Advice for young hairdressers

September 25, 2007

As I sent off the interns last week, I gave them my best advice on how to be successful in this industry.

1. Find a salon where you can stay. It is better to spend a little time job hunting than to jump into a place that isn’t a good fit. Every time you move salons you will lose about half of your clients. Yes, really.

2. Show up on time (and on time means early!) every day. You can’t build a client base if people can’t count on you.

3. Keep detailed records of every client visit. What did you do to them? What chemicals did you use? What product did they purchase? How did it turn out? Use a notebook, or my personal favorite: a PDA.

4. Be honest with the IRS and every other governing body. Declare (and pay taxes on) all your income including tips.

5. Continue learning. There is more to learn after you leave beauty school than what you learned there.

6. Watch successful hairdressers. See what they do. Emulate them. When they are away from the clients, ask them questions about their techniques and philosophy.

7. If you are at all interested in being a good haircolorist, order the American Board of Certified Haircolorist’s study portfolio. Reading it will make you a better colorist, even if you never want to take the exam.

8. Know when to say “no.” “No” is not a dirty word. If a client wants something that shouldn’t be done or is outside your abilities, don’t say you can do it! Nothing sucks worse than getting in over your head and having to fix something you have screwed up. (Example: Client has been using black home haircolor for 10 years and now wants to be blonde. There is no color you can do that will make her blonde. Solution: Cut off as much hair as she will allow, then keep it short until the previous color has grown out. Then she can be whatever color she wants!)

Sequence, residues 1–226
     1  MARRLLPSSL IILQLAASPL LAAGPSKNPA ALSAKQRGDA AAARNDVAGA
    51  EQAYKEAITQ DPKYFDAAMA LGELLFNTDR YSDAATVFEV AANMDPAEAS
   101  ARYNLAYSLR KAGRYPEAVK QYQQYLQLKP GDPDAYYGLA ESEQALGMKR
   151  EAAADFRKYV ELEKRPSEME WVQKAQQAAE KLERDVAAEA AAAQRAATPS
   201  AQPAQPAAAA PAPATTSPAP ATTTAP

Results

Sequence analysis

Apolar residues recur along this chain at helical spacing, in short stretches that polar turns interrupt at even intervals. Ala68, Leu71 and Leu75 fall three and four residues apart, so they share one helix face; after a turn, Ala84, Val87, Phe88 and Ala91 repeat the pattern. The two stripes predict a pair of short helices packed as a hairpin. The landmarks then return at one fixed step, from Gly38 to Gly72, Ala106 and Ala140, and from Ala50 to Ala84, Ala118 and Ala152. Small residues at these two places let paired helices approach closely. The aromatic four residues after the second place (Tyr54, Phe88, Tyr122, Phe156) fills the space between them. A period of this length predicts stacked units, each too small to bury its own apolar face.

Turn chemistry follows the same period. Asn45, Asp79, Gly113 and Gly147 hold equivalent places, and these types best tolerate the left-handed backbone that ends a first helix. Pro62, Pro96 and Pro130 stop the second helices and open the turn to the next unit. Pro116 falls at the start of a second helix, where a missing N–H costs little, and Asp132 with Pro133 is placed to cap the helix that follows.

9. Subscribe to all the trade magazines and web sites. There is no shortage of cheap and free education and inspiration available to you. If you can’t find them, leave me a comment and I will help you out.

10. Keep the drama out of the salon. Your clients care more about what you know and how you are going to use that knowledge to help them than they do about what club you went to last night and how hung-over you are. Don’t party on a school night. If you like to go out, please so do us all the favor of saving it for days when you are not on the schedule for the next day! It’s tacky to have a self-inflicted illness on someone else’s time.

11. Do the housework. It takes a lot of back-stage work to keep the floor of the salon running smoothly. Do the dishes, clean the color bowls, sort out the old magazines and tear the foils. Make yourself useful. Trust me, the day goes by faster when you stay busy.

12. Offer to help a stylist who is running behind schedule. People appreciate the help, and it helps you to become part of the team.

13. Ask for help if you need it, but don’t be needy. Do what you can on your own, but if you really need help, it’s better to ask for assistance than to screw up!


14 Responses to “Advice for young hairdressers”

  1. Tami Says:

    This is great advice.
    Thank you for passing it on to me and always sharing all your knowledge.
    Have a great day

  2. potongrambut Says:

    the number 8 advice is easy to say but hard to to.